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Preparing for the Long Goodbye

Euthanasia is a difficult subject to talk about. It’s sad, frightening, and extremely personal. However, in light of all the darkness, it is the last gift we can give a sick or dying pet. We hope you find some ease by understanding how to prepare and what to expect throughout the process. I was lucky enough to have an awesome veterinarian when 'my first dog' passed away; and I thank Dr. Kevin Jones greatly for being such a kind and compassionate human in the process.


Not sure when it’s time to say goodbye?

Choosing the right time to euthanize your pet is not the same for everyone. Some owners make the decision based on symptoms of illness and others make choices based on quality of life. Is your pet not eating or drinking? Having difficulty with mobility? Suffering from symptoms of a tumor or incurable disease? Unable to go to the bathroom? Acting listless, depressed, or lethargic? Is your pet in ongoing pain? Any of those criteria may make you question your pet’s quality of life. Keep in mind, this is an incredibly individual and personal decision based on multiple factors - not every dog or situation is the same.

Regardless of your reasoning, it is your decision to make with your family - and it’s nobody’s job to judge or criticize you. With that said, it is also not your job to judge and criticize yourself either. Many owners have fears and doubts. Have a conversation with your veterinarian if you are having any doubts - their job is in the interest of your pet’s welfare too. Sometimes it helps to get input from the outside to help make a decision.

When the time comes let it be peaceful, let it be with love and affection, and let it be a blessing. We encourage owners to keep everything as normal as possible, so consider waiting to remove any collars until after. Take time to grieve. It’s been two and a half years since I lost Riley and I swear I can still hear him barking when I pull in the driveway. Don’t suck it up, don’t beat yourself up; just ask for patience and respect as you grieve the loss of a loved one.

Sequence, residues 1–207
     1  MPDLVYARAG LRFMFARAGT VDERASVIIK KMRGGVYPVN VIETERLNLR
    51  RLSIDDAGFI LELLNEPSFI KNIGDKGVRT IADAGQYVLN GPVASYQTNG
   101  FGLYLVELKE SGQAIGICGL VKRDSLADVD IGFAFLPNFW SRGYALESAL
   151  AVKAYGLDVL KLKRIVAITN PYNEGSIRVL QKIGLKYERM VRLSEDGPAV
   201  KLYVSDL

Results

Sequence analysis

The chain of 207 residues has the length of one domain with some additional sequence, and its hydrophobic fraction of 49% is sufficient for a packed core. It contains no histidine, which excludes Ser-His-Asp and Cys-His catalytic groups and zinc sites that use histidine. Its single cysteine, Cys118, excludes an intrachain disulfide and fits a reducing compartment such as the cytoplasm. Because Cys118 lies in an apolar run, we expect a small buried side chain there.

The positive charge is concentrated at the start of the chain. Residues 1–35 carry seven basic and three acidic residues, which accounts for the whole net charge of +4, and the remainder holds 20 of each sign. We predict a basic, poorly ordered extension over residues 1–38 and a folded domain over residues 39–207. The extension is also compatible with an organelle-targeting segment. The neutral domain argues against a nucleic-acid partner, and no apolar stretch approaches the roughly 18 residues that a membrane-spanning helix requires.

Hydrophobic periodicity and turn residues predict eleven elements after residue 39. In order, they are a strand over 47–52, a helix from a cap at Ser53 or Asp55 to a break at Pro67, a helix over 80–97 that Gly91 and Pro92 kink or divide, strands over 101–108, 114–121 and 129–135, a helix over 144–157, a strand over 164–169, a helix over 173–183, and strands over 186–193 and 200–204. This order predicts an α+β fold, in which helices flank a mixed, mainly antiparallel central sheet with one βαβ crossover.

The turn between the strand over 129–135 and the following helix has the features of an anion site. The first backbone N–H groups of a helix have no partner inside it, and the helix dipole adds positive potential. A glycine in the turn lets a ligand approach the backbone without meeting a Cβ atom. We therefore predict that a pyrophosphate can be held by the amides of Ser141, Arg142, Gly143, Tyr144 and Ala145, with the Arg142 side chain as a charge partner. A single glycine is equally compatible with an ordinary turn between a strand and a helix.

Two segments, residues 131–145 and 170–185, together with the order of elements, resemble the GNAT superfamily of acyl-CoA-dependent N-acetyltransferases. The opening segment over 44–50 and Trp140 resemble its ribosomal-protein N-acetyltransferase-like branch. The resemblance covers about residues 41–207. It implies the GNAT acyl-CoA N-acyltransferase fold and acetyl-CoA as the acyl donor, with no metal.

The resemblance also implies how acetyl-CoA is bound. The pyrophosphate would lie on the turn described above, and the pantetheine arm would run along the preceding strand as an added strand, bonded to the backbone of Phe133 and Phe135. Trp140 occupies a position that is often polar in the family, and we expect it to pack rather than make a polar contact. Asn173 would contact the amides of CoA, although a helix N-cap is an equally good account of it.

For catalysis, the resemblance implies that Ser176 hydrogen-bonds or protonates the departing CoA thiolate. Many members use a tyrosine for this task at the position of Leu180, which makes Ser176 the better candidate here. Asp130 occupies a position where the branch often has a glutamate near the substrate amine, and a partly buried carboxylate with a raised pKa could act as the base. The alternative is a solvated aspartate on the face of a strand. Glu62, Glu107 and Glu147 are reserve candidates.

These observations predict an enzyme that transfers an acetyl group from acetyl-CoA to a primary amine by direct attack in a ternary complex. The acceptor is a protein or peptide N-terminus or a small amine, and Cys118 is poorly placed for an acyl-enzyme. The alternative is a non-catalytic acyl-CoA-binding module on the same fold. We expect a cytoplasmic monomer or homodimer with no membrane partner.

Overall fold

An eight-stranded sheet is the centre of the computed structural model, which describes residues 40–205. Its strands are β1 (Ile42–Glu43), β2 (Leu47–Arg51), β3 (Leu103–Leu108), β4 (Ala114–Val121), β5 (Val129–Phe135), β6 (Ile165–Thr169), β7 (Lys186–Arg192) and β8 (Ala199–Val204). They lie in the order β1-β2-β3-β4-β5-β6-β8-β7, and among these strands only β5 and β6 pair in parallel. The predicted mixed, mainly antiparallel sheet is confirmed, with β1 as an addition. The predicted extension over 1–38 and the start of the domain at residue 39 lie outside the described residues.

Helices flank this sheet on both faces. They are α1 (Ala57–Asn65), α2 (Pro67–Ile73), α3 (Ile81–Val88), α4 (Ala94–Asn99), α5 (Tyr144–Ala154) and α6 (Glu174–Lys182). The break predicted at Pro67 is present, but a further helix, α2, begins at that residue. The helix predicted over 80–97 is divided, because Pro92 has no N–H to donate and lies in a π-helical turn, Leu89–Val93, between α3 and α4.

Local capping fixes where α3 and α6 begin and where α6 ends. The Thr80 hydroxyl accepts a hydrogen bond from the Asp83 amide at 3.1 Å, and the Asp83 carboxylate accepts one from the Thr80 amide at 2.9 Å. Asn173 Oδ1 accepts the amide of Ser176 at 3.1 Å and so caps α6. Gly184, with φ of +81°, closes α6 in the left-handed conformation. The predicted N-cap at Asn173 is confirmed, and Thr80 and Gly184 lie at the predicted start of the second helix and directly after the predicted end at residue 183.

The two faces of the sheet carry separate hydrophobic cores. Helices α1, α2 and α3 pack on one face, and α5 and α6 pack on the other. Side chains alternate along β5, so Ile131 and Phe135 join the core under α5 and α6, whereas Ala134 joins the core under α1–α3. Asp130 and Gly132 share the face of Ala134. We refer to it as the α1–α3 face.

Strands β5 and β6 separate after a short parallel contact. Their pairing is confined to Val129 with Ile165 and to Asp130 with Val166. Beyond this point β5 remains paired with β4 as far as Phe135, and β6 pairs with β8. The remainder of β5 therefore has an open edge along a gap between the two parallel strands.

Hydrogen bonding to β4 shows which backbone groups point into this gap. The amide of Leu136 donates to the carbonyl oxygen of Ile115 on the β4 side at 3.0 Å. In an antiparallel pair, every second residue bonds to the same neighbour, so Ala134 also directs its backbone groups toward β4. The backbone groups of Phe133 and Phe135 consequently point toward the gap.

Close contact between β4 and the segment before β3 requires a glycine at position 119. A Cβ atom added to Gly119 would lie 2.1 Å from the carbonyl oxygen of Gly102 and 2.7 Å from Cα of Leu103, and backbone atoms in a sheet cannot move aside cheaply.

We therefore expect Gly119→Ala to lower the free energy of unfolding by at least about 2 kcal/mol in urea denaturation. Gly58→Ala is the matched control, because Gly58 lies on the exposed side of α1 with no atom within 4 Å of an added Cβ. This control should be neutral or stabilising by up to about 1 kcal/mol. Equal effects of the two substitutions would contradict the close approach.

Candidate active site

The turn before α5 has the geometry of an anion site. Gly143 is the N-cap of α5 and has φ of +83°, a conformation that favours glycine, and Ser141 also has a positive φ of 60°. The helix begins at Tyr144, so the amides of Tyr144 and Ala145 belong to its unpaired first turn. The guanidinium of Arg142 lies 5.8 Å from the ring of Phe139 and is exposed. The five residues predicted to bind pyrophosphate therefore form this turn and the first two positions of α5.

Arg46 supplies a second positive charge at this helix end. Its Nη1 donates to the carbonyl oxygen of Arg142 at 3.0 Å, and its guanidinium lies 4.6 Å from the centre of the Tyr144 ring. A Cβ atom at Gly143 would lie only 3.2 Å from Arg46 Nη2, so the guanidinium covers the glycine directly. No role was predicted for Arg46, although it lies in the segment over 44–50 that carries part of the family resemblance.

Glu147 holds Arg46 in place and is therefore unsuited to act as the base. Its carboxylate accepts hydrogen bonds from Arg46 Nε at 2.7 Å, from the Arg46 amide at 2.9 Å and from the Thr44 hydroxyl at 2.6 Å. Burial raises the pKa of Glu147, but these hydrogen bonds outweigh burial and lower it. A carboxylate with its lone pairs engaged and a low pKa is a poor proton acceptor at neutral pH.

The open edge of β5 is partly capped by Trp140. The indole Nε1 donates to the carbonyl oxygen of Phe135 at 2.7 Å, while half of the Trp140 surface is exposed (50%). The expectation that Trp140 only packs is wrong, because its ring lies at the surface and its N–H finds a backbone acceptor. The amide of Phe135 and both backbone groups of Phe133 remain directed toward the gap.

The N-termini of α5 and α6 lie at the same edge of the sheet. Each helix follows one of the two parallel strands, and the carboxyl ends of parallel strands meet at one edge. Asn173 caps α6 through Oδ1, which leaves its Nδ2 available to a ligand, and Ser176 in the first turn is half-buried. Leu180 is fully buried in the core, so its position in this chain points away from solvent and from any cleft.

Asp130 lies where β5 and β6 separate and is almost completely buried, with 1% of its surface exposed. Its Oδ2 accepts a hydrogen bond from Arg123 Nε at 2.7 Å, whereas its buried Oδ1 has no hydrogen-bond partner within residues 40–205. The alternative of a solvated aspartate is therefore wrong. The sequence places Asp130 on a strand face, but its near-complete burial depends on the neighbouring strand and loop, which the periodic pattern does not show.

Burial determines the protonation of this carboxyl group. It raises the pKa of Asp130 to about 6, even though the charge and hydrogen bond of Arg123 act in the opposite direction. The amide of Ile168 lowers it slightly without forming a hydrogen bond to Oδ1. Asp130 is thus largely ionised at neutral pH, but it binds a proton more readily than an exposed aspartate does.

If circumstances allow, make sure to touch base with your vet and schedule an appointment. Even in emergency situations, ensure to let the clinic know that you are coming. By preparing them for your arrival, the vet staff will be able to better minimize stress and prevent needless waiting in the lobby. Most clinics will either have a dedicated grieving room accessible or may prepare an exam room to comfort your pet during the visit.

Please note that some veterinary clinics offer house calls. It is worth inquiring with your vet whether or not they would be able to come to your home, rather than making an appointment at the clinic.


Before euthanasia make sure you limit stress and provide comfort to your pet. Be prepared. Bring a blanket, a favorite toy, some super tasty treats - or even chocolate cake for the occasion! (Yes, Riley did depart eating a 3 layer Pepperidge Farm chocolate cake, and he loved every second of it). If you need to - call the family, gather around, hug each other, talk to one another, support each other. Losing a beloved family pet can be as emotionally challenging to navigate as the loss of a human companion.


It is becoming increasingly popular to use a sedative or tranquilizer before administering the euthanasia material. This is to ensure that the animal will gently drift into sleep during the process. In an ideal world the veterinarian would administer a sedative, and then shortly later the euthanasia material (some administer it together). In most cases both drugs are given via the veins. Some owners choose to stay for the whole procedure, whereas others opt to stay for sedation only. That is really your choice, and it’s an individual one to make!

As your pet departs, the vet may use a stethoscope to confirm that your pet has passed. Both the euthanasia procedure and diagnosis should only be done by a certified and licensed veterinarian.


There are many options regarding what to do once your pet has passed. Many owners opt for cremation, some choose a pet cemetery (yes, that does exist), whereas others choose to take their pet's remains home for burial. Even this decision is best made beforehand. Once the time has come to say goodbye, you will be faced with shock, grief, and feel overwhelmed.


Since euthanasia is a veterinary procure, there will be a bill incurred with the service. Most veterinary clinics require payment when services are rendered. We suggest you pay the bill upon arrival so you don’t have to worry about it during shock and grief. It is becoming increasingly rare for clinics to send an invoice in the mail, however some clinics still provide this option. Make sure you decide on how to pay and when before you enter the building.

Thinking of what to do next? Take your time removing personal pet items. Drastic change is hard on everyone. Some owners find comfort in welcoming a new pet into the household, others take their time. If a new pet is your next venture, keep in mind that dogs are individuals. If you get a same breed, same color, same gender dog - they will still come with their own personalities and traits. Be emotionally prepared to work through raising a new puppy or welcoming a new dog home. Need a break from the heartache? That's ok too, we all process our emotions, loss, and grief differently - and it's absolutely fine to take processing time.

It is one of the hardest decisions to make - but keep in mind, it's the last gift we can give our four legged loved ones.

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